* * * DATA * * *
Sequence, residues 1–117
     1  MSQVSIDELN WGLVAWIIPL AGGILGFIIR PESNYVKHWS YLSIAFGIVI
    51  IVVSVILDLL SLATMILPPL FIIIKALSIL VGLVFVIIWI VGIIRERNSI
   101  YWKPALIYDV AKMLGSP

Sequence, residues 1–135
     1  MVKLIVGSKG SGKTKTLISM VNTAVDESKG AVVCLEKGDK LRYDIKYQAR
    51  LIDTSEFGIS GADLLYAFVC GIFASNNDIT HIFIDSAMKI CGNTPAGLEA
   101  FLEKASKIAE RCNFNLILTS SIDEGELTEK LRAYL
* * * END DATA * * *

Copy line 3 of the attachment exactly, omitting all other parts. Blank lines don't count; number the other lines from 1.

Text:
    51  IVVSVILDLL SLATMILPPL FIIIKALSIL VGLVFVIIWI VGIIRERNSI